Saturday, August 23, 2008

French or American Disease... that killed millions.

Last week, NPR had a fascinating report on the Spanish Flu in 1918 - the not-so-well-known disease that killed more people than World War I : an estimated death toll of 50 million people (or even a 100 million),compared to 40 million for the war - which represented 2.5 to 5% of the human population, with 20% or more of the world population suffering from the disease to some extent.

(About 25 % of the US population was infected, with perhaps 650,000 people dying from the virus.)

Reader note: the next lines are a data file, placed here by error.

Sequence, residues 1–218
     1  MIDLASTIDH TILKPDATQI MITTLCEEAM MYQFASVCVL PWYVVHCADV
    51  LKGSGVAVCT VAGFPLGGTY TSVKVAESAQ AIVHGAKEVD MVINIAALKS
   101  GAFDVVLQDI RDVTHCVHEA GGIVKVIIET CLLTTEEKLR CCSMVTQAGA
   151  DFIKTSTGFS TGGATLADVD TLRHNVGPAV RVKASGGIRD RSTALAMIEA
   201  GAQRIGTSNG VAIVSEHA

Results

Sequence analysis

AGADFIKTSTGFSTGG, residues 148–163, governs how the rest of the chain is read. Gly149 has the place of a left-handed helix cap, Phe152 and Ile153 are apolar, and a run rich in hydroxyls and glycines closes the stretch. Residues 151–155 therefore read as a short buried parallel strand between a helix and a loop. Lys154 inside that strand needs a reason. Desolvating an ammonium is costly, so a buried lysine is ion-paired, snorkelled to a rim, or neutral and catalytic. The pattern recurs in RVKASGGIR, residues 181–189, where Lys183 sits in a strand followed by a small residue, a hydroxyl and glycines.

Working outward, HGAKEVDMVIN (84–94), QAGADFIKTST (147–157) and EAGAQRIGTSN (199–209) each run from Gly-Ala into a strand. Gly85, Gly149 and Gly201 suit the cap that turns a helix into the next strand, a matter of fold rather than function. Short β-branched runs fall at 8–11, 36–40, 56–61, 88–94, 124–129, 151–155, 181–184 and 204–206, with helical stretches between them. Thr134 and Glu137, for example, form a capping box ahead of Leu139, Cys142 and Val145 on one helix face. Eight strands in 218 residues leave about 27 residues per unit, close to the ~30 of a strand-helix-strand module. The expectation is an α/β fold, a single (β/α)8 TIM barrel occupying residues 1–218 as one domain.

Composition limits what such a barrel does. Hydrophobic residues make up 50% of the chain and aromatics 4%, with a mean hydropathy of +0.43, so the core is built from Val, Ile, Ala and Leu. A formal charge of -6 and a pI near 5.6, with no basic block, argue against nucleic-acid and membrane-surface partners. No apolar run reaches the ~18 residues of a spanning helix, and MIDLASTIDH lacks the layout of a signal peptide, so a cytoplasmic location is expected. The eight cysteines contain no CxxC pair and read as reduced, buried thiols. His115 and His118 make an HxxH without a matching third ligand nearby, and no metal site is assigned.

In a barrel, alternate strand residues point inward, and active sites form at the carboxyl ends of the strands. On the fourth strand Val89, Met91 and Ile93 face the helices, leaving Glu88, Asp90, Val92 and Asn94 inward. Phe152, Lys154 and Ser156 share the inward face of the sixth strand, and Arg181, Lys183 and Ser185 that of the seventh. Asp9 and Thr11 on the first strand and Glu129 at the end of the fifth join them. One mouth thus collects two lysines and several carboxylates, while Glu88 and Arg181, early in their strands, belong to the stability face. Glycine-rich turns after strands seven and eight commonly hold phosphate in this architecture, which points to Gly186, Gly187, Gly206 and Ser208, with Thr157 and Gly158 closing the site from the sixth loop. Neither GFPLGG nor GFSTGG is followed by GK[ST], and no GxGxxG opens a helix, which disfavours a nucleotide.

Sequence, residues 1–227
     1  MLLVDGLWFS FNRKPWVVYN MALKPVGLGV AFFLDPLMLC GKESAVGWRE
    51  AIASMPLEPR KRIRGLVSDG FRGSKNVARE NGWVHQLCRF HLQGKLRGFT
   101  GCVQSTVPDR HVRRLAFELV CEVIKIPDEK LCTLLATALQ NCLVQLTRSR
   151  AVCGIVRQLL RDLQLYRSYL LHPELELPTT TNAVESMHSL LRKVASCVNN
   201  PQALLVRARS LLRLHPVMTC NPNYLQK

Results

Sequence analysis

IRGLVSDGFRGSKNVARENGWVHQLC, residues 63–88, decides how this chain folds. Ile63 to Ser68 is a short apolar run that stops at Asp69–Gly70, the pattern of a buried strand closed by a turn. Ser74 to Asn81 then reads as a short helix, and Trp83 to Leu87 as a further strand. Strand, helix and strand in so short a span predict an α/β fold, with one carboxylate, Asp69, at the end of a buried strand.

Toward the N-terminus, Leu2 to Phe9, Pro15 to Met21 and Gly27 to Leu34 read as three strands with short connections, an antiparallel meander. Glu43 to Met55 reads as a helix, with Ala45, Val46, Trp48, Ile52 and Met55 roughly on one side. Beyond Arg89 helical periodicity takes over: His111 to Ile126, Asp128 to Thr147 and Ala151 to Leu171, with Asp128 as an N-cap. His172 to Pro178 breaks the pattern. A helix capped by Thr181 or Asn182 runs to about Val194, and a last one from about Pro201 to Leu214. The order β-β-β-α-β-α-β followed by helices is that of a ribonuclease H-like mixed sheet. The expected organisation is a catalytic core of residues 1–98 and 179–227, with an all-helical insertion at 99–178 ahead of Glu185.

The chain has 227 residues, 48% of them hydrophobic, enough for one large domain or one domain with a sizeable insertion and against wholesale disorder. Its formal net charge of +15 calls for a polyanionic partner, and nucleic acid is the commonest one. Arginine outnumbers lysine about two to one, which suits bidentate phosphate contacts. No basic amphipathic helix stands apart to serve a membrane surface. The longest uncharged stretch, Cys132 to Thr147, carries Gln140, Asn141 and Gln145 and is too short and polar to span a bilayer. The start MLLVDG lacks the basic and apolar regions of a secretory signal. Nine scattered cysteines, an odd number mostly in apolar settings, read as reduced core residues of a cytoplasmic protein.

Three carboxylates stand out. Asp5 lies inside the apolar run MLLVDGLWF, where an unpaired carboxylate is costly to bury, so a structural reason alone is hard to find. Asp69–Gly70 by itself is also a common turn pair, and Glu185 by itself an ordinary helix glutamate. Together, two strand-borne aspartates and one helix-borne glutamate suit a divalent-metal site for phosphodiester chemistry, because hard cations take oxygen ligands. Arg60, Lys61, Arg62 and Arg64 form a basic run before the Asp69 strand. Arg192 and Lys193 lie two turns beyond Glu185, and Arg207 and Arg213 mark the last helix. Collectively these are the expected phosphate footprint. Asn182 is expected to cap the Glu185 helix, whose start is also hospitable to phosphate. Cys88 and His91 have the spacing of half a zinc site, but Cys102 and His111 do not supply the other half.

"Spanish flu" is an interesting name for it since, for one, it had nothing to do with Spain:
That name probably came from the fact that only Spain was publishing news about local flu epidemics; there was a blackout on news that might lower morale in Germany, Britain and France.
And now, research indicates that it might even not have been a flu at all (but a bacterial disease). This is actually good news for us:

The new research suggests that with the availability of effective treatments for bacterial infections, a modern-day flu pandemic might not be so deadly.

Why post about this? Well, because the current debate of the origin of the disease is that it started either in America's heartland or in France (the latter being the British army's favorite while some suggest it was nurnured by the British Empire).


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